Few musicians take the time to master their instrument in the way that Oklahoma City singer-songwriter Dustin Prinz has; he’s a guitar virtuoso in every sense of the word, and Eleven gives him the chance to show just how far he can push that skill.
Listening to Horse Thief’s previous release — the haphazardly melodramatic Grow Deep, Grow Wild— felt like a chore. Whatever potential the Oklahoma City folk-pop act demonstrated on the EP was obscured behind a formulaic, contrived and ultimately hollow cloud. But it at least offered a glimmer of promise for a band consisting of, frankly, five pretty talented dudes. Critics saw it; the band’s management saw it; its current label, Bella Union, saw it; and its increasingly fervid fan base saw it.
There’s always a sense of danger when debuting songs in a live setting and playing them well. Without having heard the studio versions, expectations are set according to the live incarnations. But capturing the breadth of free-flowing atmosphere and sheer volume on a disc, vinyl or digital file isn’t the easiest thing to do, especially for a band as vociferous as Colourmusic.
As titles go, Churches into Theatersis an apt descriptor for the debut album from Oklahoma City rockers Em and the MotherSuperiors. It’s a reverential record, one that shares the gospel of classic rock, blues and soul but embraces the need to refashion it for modern times, channeling The Dead Weather, Grace Potter and Cage the Elephant along the way.
After three days of hiking all over a dirty, crowded Sixth Street crawling with exhausted hipsters, I decided to hit up the famed Austin venue Mohawk (with its highly convenient indoor-and-outdoor stage setup) for a nice balance of old and new, rock and fusion, folk and punk to cap my excursion to South by Southwest. It didn’t disappoint.
Blitzen Trapper I’ve seen Portland’s Blitzen Trapper twice before — once at Opolis in Norman, again at London’s Camden Barfly, which is a whole ’nother story entirely — and the band has been a longtime favorite of mine for its earlier, more pastoral albums like Wild Mountain Nation and Furr, which are more creative, indie takes on the classic rock radio I grew up on. It’s a seminal band for me, the first whose work first I actively started following online, which is sort of what I do for a living now.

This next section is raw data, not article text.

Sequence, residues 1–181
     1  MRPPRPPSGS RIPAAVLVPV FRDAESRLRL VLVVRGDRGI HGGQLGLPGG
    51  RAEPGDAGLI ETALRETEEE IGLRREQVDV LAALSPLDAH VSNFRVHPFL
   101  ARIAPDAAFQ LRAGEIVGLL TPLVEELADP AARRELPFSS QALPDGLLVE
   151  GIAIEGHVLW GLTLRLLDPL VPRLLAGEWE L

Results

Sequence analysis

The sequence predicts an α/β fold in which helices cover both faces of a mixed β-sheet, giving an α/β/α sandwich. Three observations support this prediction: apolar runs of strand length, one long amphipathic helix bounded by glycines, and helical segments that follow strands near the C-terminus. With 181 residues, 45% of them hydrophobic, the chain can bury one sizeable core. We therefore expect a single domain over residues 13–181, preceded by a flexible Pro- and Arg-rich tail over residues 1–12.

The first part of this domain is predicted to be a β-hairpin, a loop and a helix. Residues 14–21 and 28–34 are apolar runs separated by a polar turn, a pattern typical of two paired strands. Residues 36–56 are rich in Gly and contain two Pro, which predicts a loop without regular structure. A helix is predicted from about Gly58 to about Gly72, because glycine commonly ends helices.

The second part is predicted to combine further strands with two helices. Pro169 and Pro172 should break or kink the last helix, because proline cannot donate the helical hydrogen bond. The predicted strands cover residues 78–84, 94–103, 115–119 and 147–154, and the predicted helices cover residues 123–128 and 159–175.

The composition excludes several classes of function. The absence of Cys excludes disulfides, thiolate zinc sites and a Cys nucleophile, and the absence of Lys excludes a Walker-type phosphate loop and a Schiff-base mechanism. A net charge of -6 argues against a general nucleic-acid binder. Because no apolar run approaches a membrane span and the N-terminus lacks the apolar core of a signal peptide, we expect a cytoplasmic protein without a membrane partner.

I was hoping Blitzen Trapper would dip back into that catalogue (and it did, playing the vivid murder ballad it will probably be best remembered for, “Black River Killer”), but hung on to its newer, country-riding American Goldwing material for the most part, which I haven’t much cared for. So I split a little early for the Mohawk’s indoor stage to see …
Cloud Nothings After hearing Brooklyn rock monsters The Men with Stephen Carradini on Friday, he and I were wandering around when the unmistakable intro riff to “Wasted Days” suddenly beckoned us around a corner. By the time Dylan Baldi was howling about how he knew his life wasn’t gonna change, we were watching Cloud Nothings play the last song on its set, an eight-minute hardcore epic from its excellent new album, Attack on Memory. We got super-depressed when the band started packing up, so the opportunity to hear one of the loudest acts at the festival inside a closet of a venue got my excitement perked up again.
After a few failed attempts of shooting the band on the decently lit indoor stage, I just said, “Screw it,” and turned on my flash, as there was no possible way of getting unblurred shots of these dudes without it. They were playing songs like “Fall In” and “Stay Useless” much too fast, with too much power to do that.
But the most remarkable part of it all was how Baldi’s voice held up after a week of unrestrained hollering. It sounded just as strained, but sturdy as it does on the album. Unfortunately, Cloud Nothings didn’t inspire the same rambunctious crowd activity as Titus Andronicus did the previous day, but its members are just much too skilled as players for the audience to do anything but focus on them and admire their combination of speed and dexterity, particularly that of drummer Jayson Gerycz.
Bob Mould Playing with the prolific Jon Wurster on the drums, Bob Mould wound through a career’s worth of heavily distorted and purely pleasurable post-Hüsker Dü songwriting, including Sugar’s classic, “If I Can’t Change Your Mind.” It felt like a reunion that ended all too soon, with an older crowd singing along with the choruses, and Mould shrugging and pointing at his wrist in between the last two songs. There wasn’t any doubt in the guy’s showmanship, however — his pale face turned Fender-guitar red and gushed sweat by the set’s end.
Also worthy of note: I was hanging out in the back of the crowd when I noticed Dylan Baldi wander in from outside the venue, and subsequently watched him take in the show for a few minutes. It was a beyond-cool experience to watch one of hardcore’s latest innovators watch one of its greatest innovators.
The Roots And that all gave way to the top-billing Philly soul-fusion-hip-hop act The Roots, which appropriately played for a rowdy St. Patrick’s Day crowd. I was a little disappointed in the lack of material from their latest, the terrific, socially conscious undun, but not surprised, as this wasn’t the time or place for that stuff. Instead, they played a few of their best-loved easy-listening hits like “The Seed” and covers of “Sweet Child o’ Mine,” “Apache,” “Immigrant Song” and “Jungle Boogie.”
Also worth noting: Damon Bryson literally taking his tuba for a walk on a solo, as he hiked up and down the Mohawk’s staircase to mix it up with the crowd.